Accurate information is harder to come by for Japanese guitars. A handful of factories produced a huge number of guitars, often quite similar, but with the retailers branding rather than the manufacturer. Some will never have been shown in a catalogue, and getting detailed information may be quite difficult. Start with the brand name. Most guitars have this somewhere on the headstock, on a label, in a soundhole, or on a scratchplate or pickup.
Entirely unmarked guitars are rare, and as a general rule, better manufacturers were proud of their work, and will have applied their logos prominently. It is true that some decal logos are removed, but again, owners of better guitars tend not to let this happen, whilst cheaper copies are often anonymised in the hope that they might be mistaken for something that they are not.
If your guitar has no markings, it is most likely not going to sell for any significant sum. Examine the guitar closely for any markings: Look under the scratchplate, on the neck heel and in the neck pocket, on the neckplate, on the guitars hardware and on the back of the headstock.
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All models made during WW2. The post-war logo has the “G” and the “N” with a tail that drops below the other letters. Dot on “i” connected to “G”:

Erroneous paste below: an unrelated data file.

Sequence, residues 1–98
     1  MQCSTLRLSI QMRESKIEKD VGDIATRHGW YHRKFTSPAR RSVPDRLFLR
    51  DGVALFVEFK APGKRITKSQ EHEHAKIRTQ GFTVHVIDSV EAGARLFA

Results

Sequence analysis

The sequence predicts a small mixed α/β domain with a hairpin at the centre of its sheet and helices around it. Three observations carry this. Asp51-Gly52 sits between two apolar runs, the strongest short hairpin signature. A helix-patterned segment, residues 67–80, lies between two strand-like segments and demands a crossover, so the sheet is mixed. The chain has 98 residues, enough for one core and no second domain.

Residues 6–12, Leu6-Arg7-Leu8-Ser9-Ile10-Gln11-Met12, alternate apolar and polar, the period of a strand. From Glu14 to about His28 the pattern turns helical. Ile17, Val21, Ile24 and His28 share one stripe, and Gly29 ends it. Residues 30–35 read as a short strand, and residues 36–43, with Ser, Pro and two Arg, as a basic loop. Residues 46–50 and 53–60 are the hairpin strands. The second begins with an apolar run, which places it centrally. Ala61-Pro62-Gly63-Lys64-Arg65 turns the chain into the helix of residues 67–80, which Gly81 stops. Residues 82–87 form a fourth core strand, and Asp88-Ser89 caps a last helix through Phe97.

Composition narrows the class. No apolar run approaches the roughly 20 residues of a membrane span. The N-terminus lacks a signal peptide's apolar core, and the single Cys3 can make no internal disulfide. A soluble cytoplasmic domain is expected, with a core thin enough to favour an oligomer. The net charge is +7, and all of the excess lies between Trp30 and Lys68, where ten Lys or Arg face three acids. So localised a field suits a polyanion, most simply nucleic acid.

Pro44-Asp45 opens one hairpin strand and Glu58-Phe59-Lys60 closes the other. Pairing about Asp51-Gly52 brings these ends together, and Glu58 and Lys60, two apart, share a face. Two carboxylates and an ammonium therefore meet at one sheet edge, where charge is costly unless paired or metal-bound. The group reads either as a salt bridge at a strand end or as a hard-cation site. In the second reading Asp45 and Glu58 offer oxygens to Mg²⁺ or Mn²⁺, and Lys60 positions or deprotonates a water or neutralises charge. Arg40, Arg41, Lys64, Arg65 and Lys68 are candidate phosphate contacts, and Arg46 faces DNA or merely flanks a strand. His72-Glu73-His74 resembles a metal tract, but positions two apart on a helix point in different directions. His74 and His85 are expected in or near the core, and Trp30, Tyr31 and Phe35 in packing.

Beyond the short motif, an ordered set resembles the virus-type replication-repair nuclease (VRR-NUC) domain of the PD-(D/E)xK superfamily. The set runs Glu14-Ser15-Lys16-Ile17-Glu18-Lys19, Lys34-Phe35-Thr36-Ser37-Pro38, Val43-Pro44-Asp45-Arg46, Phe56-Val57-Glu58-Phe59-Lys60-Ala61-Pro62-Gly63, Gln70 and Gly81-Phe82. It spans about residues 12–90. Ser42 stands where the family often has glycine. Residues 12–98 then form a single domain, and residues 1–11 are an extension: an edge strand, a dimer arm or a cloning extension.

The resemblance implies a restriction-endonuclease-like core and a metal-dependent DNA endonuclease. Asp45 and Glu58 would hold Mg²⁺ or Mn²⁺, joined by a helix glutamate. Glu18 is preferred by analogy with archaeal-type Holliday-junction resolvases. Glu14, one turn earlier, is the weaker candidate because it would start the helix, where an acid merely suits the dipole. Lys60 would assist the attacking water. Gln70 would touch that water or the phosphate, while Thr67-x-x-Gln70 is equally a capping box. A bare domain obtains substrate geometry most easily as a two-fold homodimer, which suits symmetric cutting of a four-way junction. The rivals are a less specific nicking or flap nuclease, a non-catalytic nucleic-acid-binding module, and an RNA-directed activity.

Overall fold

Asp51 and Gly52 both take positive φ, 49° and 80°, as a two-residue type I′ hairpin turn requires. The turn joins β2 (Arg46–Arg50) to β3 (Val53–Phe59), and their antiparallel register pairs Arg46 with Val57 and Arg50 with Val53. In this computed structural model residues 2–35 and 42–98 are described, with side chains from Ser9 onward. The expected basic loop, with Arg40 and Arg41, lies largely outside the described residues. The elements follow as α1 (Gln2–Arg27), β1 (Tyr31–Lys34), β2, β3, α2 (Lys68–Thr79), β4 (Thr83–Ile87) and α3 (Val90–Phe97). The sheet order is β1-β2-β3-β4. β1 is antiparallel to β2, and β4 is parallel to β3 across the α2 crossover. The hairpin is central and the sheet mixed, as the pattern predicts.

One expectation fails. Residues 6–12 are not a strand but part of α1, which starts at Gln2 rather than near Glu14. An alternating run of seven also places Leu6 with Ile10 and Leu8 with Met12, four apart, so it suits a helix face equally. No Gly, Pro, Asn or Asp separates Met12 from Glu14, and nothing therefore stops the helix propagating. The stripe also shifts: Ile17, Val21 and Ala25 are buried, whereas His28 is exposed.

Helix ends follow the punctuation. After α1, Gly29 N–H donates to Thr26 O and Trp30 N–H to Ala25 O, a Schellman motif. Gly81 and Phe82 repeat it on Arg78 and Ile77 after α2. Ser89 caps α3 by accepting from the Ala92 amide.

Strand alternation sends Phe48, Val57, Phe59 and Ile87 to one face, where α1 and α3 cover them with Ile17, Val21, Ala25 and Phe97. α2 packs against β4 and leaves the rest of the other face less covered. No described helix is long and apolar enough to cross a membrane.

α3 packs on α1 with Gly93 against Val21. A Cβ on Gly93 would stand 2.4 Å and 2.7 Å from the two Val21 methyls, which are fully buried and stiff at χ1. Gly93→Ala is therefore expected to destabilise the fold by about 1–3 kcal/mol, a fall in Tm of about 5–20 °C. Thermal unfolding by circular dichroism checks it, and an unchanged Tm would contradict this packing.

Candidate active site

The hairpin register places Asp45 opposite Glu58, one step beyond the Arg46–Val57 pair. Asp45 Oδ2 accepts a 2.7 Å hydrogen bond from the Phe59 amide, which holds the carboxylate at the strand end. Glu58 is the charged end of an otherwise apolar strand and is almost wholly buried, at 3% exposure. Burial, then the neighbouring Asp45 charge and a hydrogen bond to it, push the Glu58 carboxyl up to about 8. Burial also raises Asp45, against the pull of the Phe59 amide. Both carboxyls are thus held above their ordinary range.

· Gibson guitars usually have a FON (Factory Order Number), a serial number, or both (but sometimes neither!) Various serial number systems were used by Gibson, and often the same serial number could be used in the s, s, and s. See the serial number/FON section for
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Your experience finding a nice-sounding one is an experience I haven’t yet had. Obviously they exist and are out there, but since there are very few Eko instruments in North America to begin with I don’t think they were ever marketed in the US – if so, only very briefly, I’ve yet to run into any that did much for me. They also imported Italian wine and bottles. That part of the business is still going. A guy that used to play in our choir had an Eko acoustic.
Dating old gibson guitars Comments When dating an instrument by the ‘pot code,’ keep two things in mind: The potentiometers must be original to the piece (new solder, or a date code that is off by ten or more years is a good giveaway to spot replacement pots); and the pot code only indicates when the potentiometer was manufactured!
Guitar Player December Letters to the editor; Guitaring; Questions; It’s New. VG condition, mailing label on back. VG condition, mail label back cover.. A Pro replies; Rusty Young: Steel symposium; Chuck Rainey: